Head Title

The Effect of Ageing on Neuro-Magnetic Power Spectra: A Big-Data Perspective with GLM-Spectrum

Register to watch this free webinar on-demand. A link to watch the recording will then be emailed to you shortly after registration. ​

This masterclass is presented by Andrew Quinn, Assistant Professor at the University of Birmingham, and discusses: "An increasing number of large open-access MEG datasets are becoming available and are supporting the literature towards a consensus on how the MEG signal changes with age. Our statisicial and analysis methods must continue to develop to make the most of this emerging opportunity. This webinar introduces the GLM-Spectrum,  a flexible analysis framework for multilevel and multivariate regression modelling of power spectrum effects. This naturally combines the flexibility of modern regression modelling and permutation-statistics with established frequency spectrum estimation. 

Using the GLM-Spectrum, we estimate the effect of ageing across several large datasets whilst controlling for a range of potentially interfering covariates at the first- and group-level. The results show that the MEG power spectrum is consistently different in older compared to younger adults with differential effects in low frequencies, alpha and beta. These effects are robust across sensor and source space, magnetometers and gradiometers, and different MEG manufacturers. Covariates and confounds such as eye-blinks, head size, head position and heart rate do change the power spectrum but do not obscure the age effect at the group level. Yet, these confounding variables do remain critical for modelling the spectra of individual subjects’ recordings. Finally, we show that the covariate structure of large datasets can vary both due to systematic differences (eg acquisition set-up) or by chance due to sampling. As such, robust methods for multivariate modelling are a critical step towards consensus about how ageing changes the MEG signal."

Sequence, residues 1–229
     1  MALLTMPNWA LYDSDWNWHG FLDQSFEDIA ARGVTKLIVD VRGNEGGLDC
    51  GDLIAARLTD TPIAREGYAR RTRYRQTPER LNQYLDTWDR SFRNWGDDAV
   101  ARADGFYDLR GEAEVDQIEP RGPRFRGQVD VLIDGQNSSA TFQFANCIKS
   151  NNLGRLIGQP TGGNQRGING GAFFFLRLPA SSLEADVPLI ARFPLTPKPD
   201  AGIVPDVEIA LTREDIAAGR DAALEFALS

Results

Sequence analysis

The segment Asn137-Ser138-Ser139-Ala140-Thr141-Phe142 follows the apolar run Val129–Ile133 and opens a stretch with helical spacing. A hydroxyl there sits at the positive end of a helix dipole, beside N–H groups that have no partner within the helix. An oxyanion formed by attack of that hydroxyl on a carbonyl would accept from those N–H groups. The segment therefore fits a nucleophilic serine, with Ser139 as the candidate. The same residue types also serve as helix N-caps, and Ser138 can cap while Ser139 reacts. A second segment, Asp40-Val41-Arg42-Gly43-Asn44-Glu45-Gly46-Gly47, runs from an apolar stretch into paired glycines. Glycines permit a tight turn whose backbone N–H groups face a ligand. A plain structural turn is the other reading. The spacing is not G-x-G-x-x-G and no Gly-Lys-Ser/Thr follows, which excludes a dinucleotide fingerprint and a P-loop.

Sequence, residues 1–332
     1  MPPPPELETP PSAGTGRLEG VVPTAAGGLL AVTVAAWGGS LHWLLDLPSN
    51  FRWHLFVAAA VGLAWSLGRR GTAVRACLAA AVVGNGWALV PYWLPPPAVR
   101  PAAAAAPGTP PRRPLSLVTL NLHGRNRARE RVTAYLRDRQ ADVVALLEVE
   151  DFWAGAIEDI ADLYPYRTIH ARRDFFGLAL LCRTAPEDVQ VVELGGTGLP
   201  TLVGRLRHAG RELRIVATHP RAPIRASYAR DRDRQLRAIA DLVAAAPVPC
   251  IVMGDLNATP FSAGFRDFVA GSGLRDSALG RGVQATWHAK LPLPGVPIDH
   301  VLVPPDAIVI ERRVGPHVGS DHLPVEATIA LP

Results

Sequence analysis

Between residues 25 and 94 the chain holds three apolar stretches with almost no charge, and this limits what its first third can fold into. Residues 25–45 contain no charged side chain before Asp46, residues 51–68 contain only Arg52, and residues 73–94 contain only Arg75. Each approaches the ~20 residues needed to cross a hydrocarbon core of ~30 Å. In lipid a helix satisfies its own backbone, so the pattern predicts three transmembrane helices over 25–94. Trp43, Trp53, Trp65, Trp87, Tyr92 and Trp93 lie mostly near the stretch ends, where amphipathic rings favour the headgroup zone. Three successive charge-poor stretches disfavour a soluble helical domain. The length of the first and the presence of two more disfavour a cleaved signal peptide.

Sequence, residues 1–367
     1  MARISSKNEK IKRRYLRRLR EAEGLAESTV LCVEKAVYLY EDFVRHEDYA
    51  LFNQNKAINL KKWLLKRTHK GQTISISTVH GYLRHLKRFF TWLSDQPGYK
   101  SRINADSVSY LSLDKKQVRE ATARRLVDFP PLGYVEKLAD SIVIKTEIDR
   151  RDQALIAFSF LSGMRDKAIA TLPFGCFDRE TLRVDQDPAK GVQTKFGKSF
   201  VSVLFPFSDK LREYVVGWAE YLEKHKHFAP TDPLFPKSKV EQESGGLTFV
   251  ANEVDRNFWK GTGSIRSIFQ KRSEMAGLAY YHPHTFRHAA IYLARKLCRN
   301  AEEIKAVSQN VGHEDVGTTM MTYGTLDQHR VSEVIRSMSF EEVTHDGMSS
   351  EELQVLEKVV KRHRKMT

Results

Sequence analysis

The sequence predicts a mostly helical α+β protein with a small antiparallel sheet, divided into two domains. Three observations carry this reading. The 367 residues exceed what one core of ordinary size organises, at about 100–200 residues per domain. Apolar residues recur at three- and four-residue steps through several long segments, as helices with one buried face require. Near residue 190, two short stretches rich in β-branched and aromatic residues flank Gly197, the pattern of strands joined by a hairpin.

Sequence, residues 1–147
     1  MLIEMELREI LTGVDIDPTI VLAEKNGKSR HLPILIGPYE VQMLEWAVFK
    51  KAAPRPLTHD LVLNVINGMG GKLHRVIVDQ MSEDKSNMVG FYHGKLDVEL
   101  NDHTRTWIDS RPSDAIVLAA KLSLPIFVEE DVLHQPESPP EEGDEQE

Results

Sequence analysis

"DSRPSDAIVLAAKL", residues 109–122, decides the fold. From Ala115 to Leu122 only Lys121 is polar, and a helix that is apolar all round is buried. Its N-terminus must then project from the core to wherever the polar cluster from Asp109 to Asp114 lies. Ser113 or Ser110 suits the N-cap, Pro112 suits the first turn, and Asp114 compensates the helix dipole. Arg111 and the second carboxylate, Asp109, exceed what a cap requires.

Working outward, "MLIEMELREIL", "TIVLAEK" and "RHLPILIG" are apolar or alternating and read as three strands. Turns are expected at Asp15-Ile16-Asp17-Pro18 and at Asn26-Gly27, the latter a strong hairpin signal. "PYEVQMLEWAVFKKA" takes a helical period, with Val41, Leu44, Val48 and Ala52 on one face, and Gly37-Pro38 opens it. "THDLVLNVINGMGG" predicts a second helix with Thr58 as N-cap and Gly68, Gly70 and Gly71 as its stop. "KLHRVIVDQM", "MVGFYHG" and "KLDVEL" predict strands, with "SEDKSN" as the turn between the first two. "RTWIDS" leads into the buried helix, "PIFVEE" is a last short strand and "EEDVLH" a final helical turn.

Dr Andrew Quinn completed his PhD in 2014 at the University of York developing methods for estimating time-varying functional connectivity during visual word recognition from Magnetoencephalography data. He then worked as a postdoctoral scientist at the Oxford Centre for Human Brain Activity (OHBA) where he developed a range of novel time-series analysis techniques targeted at analysis of brain changes in neurodegenerative disorders.  

Dr Quinn started as an Assistant Professor at the University of Birmingham in 2022. His research continues to explore novel analysis of electrophysiological time series in the context of visual and auditory perception, as well as how brain dynamics change across the lifespan and into neurodegeneration.


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